According to Daren even before the election results were announced Obama had already won due to the way the media gave him exposure. Daren points out that the preferred candidates would be put in the center during debates and the poll results that would favor them would be constantly played on the screens (Daren, 2007). The election bid can also be largely influenced by exit polls. When a trend begins to emerge in terms of voting from those who participate in exit polls, then it is possible to predict the likelihood of a particular candidate winning the election as opposed to nother. That can even increase the leverage for the seemingly winning candidate to actually win in the final official poll results.
(Bishop, 1995) Another way the media affects the outcome of political polls is when it leans on one side of the political campaign. Some newsgroups tend to lean on and accept the views of a certain political group over others. Once again due to vested interest politicians have come to realize the power in the media to influence poll results and effectively elective decisions. As a result they buy shares in such companies and legislatively support the media groups that in turn will likely give then a run for their money. The grading of quality of education from one level institution to another can also be largely influenced by the media Artistic Creativity The human mind is attracted to creativity and the emotions are captivated by aesthetic compositions of things.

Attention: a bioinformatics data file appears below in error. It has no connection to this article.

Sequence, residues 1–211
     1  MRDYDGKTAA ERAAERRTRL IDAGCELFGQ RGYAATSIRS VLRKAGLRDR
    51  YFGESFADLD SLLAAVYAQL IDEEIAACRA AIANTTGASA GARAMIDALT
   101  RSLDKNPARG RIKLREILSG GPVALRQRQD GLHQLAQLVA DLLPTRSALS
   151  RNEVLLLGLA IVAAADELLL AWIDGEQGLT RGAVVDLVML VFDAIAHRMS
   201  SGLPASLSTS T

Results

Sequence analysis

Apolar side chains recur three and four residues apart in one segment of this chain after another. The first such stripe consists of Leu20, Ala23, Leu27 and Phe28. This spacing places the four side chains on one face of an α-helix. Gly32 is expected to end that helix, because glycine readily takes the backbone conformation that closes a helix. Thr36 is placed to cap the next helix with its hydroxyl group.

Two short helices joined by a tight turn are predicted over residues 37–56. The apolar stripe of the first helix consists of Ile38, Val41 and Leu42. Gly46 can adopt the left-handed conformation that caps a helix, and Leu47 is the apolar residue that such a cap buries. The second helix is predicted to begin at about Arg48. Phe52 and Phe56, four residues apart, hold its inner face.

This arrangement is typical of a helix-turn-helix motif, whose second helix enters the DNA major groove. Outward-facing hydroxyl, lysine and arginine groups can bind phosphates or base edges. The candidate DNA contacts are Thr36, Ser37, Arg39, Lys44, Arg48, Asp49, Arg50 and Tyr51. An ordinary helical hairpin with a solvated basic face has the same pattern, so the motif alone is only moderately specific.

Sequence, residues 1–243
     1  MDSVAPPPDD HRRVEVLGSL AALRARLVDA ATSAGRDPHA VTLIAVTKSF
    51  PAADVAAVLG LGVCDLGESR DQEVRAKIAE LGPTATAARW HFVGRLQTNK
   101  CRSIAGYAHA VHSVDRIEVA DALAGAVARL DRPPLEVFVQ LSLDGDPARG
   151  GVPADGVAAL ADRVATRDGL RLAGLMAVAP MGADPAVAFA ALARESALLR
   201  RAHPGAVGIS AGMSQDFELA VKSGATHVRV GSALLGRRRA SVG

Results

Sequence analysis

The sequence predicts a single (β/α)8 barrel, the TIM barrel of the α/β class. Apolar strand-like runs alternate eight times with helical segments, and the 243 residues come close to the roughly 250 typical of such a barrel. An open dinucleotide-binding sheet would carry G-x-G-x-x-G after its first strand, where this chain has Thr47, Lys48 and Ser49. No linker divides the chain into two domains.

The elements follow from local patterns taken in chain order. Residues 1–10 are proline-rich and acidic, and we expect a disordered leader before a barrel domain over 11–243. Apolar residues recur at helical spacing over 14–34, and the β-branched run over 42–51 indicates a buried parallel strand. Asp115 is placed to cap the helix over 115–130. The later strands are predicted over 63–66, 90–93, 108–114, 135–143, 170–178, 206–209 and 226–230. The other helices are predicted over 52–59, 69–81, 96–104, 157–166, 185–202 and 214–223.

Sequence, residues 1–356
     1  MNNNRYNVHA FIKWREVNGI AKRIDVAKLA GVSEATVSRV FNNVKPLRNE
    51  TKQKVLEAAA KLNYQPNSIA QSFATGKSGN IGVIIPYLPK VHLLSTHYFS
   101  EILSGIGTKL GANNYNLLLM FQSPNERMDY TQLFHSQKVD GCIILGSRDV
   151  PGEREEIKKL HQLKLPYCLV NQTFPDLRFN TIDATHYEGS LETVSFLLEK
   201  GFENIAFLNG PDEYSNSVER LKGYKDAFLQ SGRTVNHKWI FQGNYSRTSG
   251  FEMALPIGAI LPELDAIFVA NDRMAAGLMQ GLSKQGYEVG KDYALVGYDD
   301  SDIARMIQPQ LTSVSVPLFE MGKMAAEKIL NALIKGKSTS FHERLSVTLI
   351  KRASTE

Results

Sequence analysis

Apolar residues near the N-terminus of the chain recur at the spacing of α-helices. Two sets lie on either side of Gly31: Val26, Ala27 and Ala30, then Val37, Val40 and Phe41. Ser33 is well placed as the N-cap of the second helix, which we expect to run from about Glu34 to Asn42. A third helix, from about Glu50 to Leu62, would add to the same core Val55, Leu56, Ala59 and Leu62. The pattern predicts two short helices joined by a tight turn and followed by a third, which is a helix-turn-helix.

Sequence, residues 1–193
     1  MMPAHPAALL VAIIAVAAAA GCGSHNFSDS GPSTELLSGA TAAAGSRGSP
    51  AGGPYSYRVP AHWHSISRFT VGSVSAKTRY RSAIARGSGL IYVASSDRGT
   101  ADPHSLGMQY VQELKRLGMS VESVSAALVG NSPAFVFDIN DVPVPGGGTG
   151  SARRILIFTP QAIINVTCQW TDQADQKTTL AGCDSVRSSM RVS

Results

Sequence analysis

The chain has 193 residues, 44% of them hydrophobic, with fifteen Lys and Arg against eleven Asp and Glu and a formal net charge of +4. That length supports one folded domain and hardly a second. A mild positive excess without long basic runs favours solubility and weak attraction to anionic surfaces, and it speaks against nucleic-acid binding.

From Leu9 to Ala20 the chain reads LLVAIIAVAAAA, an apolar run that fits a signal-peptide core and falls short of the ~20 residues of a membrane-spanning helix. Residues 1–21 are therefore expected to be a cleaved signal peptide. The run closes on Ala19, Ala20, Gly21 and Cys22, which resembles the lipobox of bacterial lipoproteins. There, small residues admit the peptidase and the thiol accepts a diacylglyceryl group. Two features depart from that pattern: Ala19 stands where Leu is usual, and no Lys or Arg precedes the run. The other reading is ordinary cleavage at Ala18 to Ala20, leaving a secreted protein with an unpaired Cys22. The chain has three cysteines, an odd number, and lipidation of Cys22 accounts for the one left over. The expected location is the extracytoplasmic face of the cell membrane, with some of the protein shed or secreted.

Therefore by using these two components the media largely depends on the works of art to deliver information and achieve appeal to massive audience. The instruments of the media are found in creating interest, generating excitement, giving some form of control and power to the audience but really its object is in achieving its agenda in the long run. The media uses theatrical creativity in passing messages. The tools of trade include pictures, both still and motion, text, audiovisual and animation components of information dissemination. In an advertorial the media creates and manipulates a situation to show how a certain product can work for the consumer. The actors and beauty pageants who are part of an advertorial manipulate their sound faculties and non-verbal cues in order to achieve certain responses from the audience.